Thursday, June 16, 2011

911 for a charred pot

Before: a charred mess
of a chili pot

Maybe it's my approach to cooking.  For one thing, perhaps smoking hot isn't the best temperature for every food.  For another, when food is bubbling away, maybe it would help to peek under the lid once in awhile...maybe a little stir would help.  Whatever it is, I find myself trying to repair a mess of charred crust on the bottom of my pots now and then. If you have a beloved pot with charred food on the bottom don't despair,  this no-fail method will get your pot back on the cooking line fast.
After: ready for the next fire

  • Fill the ruined pot with water ... 3/4 full is a good start
  • Add a generous handful of baking soda
  • Cover and heat to boiling
  • Turn down the heat and simmer for 20-30 minutes
  • Use a heat-proof spatula to scrape the bottom while it simmers
  • Empty the mess into the sink and fill with HOT water
  • Scrub the remaining black crust with baking soda using a scratch-proof scrubbing pad (like the back of a blue sponge)
  • Rinse and repeat if necessary.  

Thursday, June 9, 2011

Broccoli for Jessica

Broccoli can be fun!  Well...maybe fun isn't exactly the right word, but it you work with this cancer fighting ninja, you can create a healthy side dish that doesn't suck.  Here's how:
  • Chop a head of broccoli into small pieces (less than an inch).
  • Coat them in olive oil. I use extra virgin and make sure they are.
  • Throw them in a smoking hot wok or frying pan.
  • Toss in a generous helping of salt and pepper.
  • Sautee for 3-4 minutes.

Wednesday, June 8, 2011

The Real Deal: Seasoning Cast Iron Woks and Pans

Seasoning a cast iron wok
I've been singularly unimpressed by the advice on the web about seasoning cast iron pans and woks.  I guess you get what you pay for right?  Luckily enough, the good people at Cook's Illustrated  have taken matters into their capable hands in their "Summer Grilling" issue.  Adapting their technique for seasoning cast iron grills, here's the method that finally worked to give my cast iron wok a lovely indelible sheen.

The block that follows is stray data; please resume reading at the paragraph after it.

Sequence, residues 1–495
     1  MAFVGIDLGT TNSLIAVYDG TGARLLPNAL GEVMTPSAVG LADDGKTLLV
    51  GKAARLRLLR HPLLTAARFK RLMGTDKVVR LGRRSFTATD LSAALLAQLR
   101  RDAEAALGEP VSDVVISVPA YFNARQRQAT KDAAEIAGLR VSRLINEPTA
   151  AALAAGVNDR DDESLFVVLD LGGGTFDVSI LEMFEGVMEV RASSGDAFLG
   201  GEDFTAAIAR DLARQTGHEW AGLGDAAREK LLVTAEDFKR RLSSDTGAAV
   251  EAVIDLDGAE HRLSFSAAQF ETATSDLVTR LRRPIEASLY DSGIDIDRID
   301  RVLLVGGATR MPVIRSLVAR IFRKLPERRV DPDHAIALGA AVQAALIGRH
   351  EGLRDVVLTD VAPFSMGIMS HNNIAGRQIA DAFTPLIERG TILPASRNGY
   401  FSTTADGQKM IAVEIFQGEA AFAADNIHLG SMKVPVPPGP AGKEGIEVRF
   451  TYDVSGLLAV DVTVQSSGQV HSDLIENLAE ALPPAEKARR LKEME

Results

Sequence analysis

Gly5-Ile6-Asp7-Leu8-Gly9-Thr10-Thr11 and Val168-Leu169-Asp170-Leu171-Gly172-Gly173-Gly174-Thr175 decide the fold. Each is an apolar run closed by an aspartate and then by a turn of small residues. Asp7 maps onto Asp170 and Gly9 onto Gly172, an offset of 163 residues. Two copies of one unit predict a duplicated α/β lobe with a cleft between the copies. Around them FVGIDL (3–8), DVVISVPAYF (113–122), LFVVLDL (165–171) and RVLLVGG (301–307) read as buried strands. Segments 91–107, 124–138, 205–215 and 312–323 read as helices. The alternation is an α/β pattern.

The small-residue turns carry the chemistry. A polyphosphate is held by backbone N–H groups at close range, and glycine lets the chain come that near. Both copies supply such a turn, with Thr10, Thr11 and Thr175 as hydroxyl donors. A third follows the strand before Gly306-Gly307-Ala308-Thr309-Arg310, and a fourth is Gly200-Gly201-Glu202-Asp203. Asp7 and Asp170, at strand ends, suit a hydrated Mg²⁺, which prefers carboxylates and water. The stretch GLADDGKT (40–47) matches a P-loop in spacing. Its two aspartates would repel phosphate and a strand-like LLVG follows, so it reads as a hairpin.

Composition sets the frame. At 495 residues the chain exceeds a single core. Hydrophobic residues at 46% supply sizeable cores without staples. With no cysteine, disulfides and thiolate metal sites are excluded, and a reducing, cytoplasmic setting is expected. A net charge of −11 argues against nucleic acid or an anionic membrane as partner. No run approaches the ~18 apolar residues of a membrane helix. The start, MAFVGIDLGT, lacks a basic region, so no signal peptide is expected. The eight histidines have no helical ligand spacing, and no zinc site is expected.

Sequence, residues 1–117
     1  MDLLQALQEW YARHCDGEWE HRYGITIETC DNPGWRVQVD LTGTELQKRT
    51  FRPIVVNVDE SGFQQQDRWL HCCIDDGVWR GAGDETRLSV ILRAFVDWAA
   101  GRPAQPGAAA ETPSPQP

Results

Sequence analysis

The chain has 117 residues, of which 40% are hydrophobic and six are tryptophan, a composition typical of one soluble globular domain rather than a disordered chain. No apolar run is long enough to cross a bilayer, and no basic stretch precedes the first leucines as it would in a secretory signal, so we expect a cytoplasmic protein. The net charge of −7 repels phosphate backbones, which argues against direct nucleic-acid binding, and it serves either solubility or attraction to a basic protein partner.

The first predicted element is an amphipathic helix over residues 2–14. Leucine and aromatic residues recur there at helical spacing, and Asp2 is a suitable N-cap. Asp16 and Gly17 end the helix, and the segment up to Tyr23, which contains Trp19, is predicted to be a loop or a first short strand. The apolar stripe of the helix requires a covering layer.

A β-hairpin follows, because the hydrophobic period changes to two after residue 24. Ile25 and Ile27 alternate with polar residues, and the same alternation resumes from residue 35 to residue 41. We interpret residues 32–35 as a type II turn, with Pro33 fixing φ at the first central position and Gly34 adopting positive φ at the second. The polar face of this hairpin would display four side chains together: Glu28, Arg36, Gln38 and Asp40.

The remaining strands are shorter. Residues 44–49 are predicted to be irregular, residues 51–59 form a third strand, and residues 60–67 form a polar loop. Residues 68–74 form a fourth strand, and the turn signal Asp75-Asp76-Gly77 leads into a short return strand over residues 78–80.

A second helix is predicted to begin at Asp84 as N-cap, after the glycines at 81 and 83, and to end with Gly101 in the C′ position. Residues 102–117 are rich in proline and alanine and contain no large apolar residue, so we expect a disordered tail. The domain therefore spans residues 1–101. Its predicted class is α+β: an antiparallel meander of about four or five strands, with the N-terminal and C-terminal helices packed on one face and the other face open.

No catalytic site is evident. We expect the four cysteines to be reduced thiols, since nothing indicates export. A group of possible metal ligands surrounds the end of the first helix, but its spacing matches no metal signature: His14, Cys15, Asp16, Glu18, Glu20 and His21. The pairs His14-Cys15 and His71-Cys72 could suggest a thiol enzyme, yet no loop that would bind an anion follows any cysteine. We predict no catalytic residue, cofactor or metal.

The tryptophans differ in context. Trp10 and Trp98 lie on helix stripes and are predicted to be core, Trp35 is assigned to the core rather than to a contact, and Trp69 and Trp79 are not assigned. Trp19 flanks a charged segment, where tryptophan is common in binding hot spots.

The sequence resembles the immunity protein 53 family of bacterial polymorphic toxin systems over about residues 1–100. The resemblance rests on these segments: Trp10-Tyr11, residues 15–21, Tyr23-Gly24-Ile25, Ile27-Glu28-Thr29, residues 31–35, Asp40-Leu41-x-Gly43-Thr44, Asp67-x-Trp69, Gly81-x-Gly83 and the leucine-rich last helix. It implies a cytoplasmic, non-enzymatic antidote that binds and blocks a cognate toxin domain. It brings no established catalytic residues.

1. Heat the pan as hot as possible. You're aiming for smoking hot. 
  2. Dab a smidgen of cooking oil on a paper towel or rag.  Using tongs rub the oil on the hot cast iron until it turns dull.  Expect a lot of smoke... use the vent or better, do it outside on the grill.
  3. Repeat
  4. Repeat
  5. Repeat and keep repeating until the metal stays shiny. It took me about 8 repetitions.
This method creates a sheen on the wok.  The wok becomes remarkably easy to clean... just wipe it down.  Nothing sticks.  Thank you Cooks Illustrated.  It's well worth the cost of an issue to know these things.

Tuesday, June 7, 2011

Bermuda Grass Update

In April I spent a few hours pulling, digging and grubbing out all the little pieces of Bermuda grass I could find in a few patches of my garden.  This included rebuilding some of my lambs ear beds.   So far the results aren't bad.  I keep after the new growth as it emerges.  The real story will be told in August when the ground gets hard and no amount of water will keep plants alive in this bay clay soil.

Garden Update June 7, 2011: The Triumph of Roses

Last year June 7th brought my first handful of green beans and I thought last year was cold... this year the weather was cold and rainy until yesterday and nothing is happy about it.  The basil is shivering, the tomatoes are slacking off.  The poor Italian lemon is bereft in a poor canopy of scraggly yellow leaves.  On the plus side, the lettuce is still growing and the strawberries pay this kind of weather no-never-mind. Also doing well are mint, chocolate mint and red chard.  And roses... the roses always seem to triumph don't they?